United Nations Security Council Resolution 1878

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UN Security Council
Resolution 1878
Date 7 July 2009
Meeting no. 6,156
Code S/RES/1878 ([ Document])
Subject International Criminal Tribunal for Rwanda
Voting summary
15 voted for
None voted against
None abstained
Result Adopted
Security Council composition
Permanent members
Non-permanent members

United Nations Security Council Resolution 1878 was unanimously adopted on 7 July 2009.

Resolution[edit]

Urging the International Criminal Tribunal for Rwanda to take all possible measures to complete its work expeditiously, the Security Council today extended the term of office of six permanent judges until 31 December 2010, or until the completion of the cases to which they were or will be assigned if sooner.

Unanimously adopting resolution 1878 (2009), tabled by Austria, under Chapter VII of the United Nations Charter, the Council also extended until the same date the term of office of 11 ad litem judges.

Stressing that it did so without setting a precedent, the Council also decided, among other things, that two judges (Judge Joseph Asoka Nihal from Sri Lanka and Judge Emile Francis Short from Ghana) might work part-time and engage in another judicial occupation of independent status in their home countries during the remainder of their terms of office.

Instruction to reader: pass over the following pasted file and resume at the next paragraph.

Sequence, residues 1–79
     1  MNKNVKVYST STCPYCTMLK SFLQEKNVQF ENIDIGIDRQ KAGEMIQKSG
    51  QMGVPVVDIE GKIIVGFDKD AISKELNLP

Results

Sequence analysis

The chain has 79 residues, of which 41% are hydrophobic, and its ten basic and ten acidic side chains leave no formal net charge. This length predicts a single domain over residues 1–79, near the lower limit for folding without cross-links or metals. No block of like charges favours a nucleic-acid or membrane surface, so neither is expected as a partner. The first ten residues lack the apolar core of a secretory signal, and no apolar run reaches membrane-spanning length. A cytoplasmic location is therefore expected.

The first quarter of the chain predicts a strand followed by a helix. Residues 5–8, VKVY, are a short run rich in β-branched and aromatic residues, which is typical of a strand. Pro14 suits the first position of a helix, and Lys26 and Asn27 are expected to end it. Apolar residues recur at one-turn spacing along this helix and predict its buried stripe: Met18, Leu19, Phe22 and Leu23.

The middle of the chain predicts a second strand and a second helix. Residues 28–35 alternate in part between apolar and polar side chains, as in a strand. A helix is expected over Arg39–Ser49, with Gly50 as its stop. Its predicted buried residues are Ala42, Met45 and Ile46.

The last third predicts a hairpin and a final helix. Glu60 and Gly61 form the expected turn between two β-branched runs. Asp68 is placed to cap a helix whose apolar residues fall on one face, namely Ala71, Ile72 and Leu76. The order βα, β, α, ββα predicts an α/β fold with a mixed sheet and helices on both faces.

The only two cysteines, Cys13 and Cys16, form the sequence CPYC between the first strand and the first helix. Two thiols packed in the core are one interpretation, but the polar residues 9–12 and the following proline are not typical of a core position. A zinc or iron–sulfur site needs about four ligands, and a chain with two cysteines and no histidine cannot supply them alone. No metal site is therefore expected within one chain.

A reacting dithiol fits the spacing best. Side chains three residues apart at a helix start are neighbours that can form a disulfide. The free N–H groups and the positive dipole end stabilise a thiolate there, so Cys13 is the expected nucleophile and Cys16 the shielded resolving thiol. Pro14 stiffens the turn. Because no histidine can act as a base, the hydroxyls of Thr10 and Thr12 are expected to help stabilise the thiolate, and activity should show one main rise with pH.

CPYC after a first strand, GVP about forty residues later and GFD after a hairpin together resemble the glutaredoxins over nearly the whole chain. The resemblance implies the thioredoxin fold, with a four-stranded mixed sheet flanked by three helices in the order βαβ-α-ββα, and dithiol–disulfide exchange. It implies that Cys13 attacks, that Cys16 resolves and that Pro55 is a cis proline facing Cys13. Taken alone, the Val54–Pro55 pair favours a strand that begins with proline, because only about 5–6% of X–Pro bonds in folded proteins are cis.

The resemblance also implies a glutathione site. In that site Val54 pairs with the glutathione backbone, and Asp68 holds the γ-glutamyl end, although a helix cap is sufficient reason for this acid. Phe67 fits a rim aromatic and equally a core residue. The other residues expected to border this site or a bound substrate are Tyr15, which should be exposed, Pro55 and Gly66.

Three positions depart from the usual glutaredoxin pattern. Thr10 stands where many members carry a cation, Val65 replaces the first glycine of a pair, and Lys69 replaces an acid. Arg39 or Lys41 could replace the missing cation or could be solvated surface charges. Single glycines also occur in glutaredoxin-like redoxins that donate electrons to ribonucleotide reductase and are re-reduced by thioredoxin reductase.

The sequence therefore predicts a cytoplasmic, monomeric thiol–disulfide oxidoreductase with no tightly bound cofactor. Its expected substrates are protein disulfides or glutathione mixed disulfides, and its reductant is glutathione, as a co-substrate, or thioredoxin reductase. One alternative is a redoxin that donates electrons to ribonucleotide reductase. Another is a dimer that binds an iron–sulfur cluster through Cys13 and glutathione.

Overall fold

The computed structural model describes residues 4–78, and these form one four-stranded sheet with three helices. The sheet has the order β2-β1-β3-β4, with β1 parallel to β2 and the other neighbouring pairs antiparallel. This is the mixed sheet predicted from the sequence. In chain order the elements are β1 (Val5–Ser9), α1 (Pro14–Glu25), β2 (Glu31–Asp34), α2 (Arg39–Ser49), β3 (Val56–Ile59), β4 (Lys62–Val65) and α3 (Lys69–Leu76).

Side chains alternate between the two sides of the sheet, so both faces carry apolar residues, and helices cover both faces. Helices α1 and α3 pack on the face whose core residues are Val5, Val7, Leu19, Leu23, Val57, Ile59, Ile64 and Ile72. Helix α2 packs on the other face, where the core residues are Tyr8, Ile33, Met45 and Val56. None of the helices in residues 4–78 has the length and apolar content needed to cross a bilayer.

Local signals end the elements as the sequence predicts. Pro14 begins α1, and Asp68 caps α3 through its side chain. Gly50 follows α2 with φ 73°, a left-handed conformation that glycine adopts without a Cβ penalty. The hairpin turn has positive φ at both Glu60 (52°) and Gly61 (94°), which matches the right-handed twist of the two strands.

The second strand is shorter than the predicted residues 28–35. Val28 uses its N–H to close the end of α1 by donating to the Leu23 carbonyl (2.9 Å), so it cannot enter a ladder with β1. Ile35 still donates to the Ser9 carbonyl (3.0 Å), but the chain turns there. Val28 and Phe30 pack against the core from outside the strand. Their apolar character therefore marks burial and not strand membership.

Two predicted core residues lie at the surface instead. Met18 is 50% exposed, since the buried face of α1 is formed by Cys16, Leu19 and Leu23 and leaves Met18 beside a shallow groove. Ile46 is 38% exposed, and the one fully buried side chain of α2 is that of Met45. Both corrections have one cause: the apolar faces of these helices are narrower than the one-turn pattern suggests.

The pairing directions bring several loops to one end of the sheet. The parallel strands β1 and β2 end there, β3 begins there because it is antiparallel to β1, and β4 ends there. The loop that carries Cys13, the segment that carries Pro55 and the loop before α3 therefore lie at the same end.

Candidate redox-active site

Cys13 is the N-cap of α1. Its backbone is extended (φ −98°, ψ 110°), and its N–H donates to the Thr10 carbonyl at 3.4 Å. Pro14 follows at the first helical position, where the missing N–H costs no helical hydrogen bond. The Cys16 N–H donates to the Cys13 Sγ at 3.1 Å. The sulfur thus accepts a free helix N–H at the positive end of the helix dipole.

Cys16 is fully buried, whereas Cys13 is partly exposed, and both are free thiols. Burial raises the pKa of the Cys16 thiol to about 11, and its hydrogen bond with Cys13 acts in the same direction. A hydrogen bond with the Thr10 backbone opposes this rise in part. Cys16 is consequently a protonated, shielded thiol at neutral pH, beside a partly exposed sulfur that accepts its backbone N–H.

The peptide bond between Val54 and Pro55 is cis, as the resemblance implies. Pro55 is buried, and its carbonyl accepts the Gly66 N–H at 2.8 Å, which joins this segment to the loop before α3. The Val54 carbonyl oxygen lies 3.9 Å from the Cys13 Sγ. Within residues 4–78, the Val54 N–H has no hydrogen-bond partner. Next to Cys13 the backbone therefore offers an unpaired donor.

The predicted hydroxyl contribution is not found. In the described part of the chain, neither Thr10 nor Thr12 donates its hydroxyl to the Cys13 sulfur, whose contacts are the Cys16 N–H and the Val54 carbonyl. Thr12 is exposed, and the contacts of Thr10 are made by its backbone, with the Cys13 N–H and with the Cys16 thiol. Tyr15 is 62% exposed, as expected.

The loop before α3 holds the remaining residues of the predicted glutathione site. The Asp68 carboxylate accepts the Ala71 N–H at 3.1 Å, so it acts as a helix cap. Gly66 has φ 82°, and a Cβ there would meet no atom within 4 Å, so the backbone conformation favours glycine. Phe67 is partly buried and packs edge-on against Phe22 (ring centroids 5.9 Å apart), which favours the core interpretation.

Expressing its expectation that the extension of the term of office of judges would contribute towards the implementation of the Tribunal’s completion strategy, the Council further decided to review the extension of the term of office of the permanent judges who were members of the Appeals Chamber by 31 December 2009.

The International Criminal Tribunal for Rwanda (ICTR) was established in 1994 by resolution 955 for the prosecution of persons responsible for genocide and other serious violations of international humanitarian law committed in the territory of Rwanda between 1 January 1994 and 31 December 1994. It may also deal with the prosecution of Rwandan citizens responsible for genocide and other such violations of international law committed in the territory of neighbouring States during the same period.[1]

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